We are the things we actually do, not the things we plan on doing. And we are easily fooled by the difference. Perhaps it’s a built-in defense mechanism against the fact that most of what we do is unremarkable. I dream big and act small, yet I chose to see myself through the former. The passing of time, however, has a wry way of calling our bluff. If I were to be honest, there’s no way to accomplish the (absurd) list of things I wish to do, even if I were to actually act on them (which, for the most part, I don’t).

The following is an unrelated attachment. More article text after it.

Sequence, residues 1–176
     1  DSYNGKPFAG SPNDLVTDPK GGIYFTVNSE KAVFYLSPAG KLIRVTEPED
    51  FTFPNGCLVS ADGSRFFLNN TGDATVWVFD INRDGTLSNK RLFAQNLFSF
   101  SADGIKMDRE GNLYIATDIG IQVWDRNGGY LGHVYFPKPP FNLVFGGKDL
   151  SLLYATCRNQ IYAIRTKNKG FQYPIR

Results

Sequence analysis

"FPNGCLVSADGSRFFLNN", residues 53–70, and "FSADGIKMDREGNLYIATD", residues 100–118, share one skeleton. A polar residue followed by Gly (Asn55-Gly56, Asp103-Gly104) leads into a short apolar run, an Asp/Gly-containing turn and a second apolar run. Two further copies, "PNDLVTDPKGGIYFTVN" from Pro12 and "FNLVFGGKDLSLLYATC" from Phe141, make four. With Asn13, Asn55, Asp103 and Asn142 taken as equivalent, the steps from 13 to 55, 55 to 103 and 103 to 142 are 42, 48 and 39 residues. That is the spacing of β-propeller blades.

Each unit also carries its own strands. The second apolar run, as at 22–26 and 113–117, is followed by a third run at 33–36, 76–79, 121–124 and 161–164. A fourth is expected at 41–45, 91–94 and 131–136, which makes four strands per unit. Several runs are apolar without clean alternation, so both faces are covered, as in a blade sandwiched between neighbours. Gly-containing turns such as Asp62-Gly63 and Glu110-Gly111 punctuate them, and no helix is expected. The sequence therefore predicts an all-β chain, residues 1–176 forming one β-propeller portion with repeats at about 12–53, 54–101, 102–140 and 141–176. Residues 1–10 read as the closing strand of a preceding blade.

We must choose to focus, and then have the discipline to see it through. There is no way to learn everything I want to learn. I remember hearing what is certainly an apocryphal story of a monk who said anyone who has claimed to have read all of Augustine is a liar…Nevertheless, it couldn’t be more true. And if true for one writer, how much so for all of written history? Who are we to think we can wrap our minds around even the tiniest fraction of it all?
Why is it so difficult to choose? Am I afraid that by choosing one path I am missing out on all the others? Certainly this is true. And yet, ironically, such fear leads to missing out on them all.